Monday, August 18, 2008

Detroit Athlete of the Decade Tournament: Round One

UPDATE: Polls are closed on round one

The results:
LIONS: Jason Hanson wins 79% to 21%
PISTONS: Billups wins 67% to 33%
RED WINGS: Lidstrom wins 60% to 40%
TIGERS: Ordonez wins 67% to 33%

Round Two can be found here.

For some reason, blogger is flipping out, so some of the post below may not display correctly. I hate blogger sometimes.

Detroit has become known as one of the best sports cities in the country, supporting four major franchises (three of which have been very successful recently). In the past decade, the city has brought home two Stanley Cups, and NBA Title, an out-of-nowhere AL Pennant, and, well, a lot of top-10 NFL Draft picks.

My question is, who is the best Detroit athlete from this prosperous decade? Several Detroit sports bloggers have graced the site with their answers, and now it is up to you to decide who you think is worthy of the title of Detroit Athlete of the Decade. In the first round, each team will be given two nominees, who will face off for the title of their franchise's athlete of the decade:

Lions: Hanson vs. Williams

Jason Hanson (Big Al, SideLion Report)


When [Ace] asked me to pick the Detroit Lions player of the decade as part of his "Detroit Athlete of the Decade" project, I knew it would be a tough assignment. Pro football is a meat grinder, where short careers are the norm. The Lions grind up players like cheap hamburger. The Lions are in the midst of their worst decade ever, with players and coaches coming and going through Matt Millen's fast spinning revolving door. Players come and players go, most of whom make little impression.

But there's one player who's been a Lion seemingly forever, and is likely to retire with the same team who drafted him, an exception to the NFL rule. Even today, after 16 NFL seasons, he is still at the top of his game. This Lion has survived several regime changes, playing for 7 coaches, and has had countless teammates. Despite the constant adversity, he's persevered to become one of the franchise's All-Time greats.

I'm sure you've figured out by now who is my nominee for Detroit Lions player of the decade. Kicker Jason Hanson. Yes, a placekicker. But one of the best placekickers ever.

The stats speak for themselves. Hanson is in elite NFL company: 10th overall in scoring NFL history, 6th overall in field goals made, 16th overall in field goal percentage, along with playing in a pair of Pro Bowls (1997, 1999). Hanson has missed only 12 kicks inside the 40 in those 16 seasons. 12!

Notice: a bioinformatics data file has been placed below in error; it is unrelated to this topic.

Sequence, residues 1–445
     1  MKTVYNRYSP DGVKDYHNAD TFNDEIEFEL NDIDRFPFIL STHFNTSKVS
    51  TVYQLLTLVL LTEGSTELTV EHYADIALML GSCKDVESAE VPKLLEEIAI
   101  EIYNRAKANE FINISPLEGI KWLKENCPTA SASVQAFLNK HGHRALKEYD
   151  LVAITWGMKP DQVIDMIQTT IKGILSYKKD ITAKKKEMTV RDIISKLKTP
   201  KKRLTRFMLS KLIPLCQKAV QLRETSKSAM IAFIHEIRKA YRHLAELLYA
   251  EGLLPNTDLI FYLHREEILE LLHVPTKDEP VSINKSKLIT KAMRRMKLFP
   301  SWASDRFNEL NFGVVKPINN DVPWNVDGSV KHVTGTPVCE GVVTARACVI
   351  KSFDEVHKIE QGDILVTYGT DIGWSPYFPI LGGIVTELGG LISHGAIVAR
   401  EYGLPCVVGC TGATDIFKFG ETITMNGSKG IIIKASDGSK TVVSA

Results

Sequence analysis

In many ways, the Lions' elder statesman is the face of the franchise. Hanson is one of the few players fans can point to with pride. In what's been a decade of disappointment, and full of more ugliness than we care to remember, Hanson has never wavered. The man is money, a big time player on what's been a penny ante franchise.

I've often jokingly called Hanson the Detroit Lions' Most Valuable Player. Thinking about it, it's no joke. As bad as the Lions have been over the past 10 years, it would have been much, much worse without Jason Hanson wearing the Honolulu blue and silver.

Roy Williams (Ace)


Will someone please give this man a decent quarterback? The Lions grabbed Roy Williams with the 7th pick in the 2004 draft, and all the man has done since then is catch 245 passes, find the end zone 28 times, and become the first Lions wideout to make the Pro Bowl since Herman Moore in 1998.

On a team with few spectaular (or even half-decent) players, Roy Williams has been a standout since joining the Lions four seasons ago, and has been a consistent weapon on a team that goes through running backs and wideouts like Matt Millen goes through coloring books. He has a knack for making the ridiculous catch, gets open more than any other Lion (though Calvin Johnson will certainly rival his skill in the near future), and even finds time to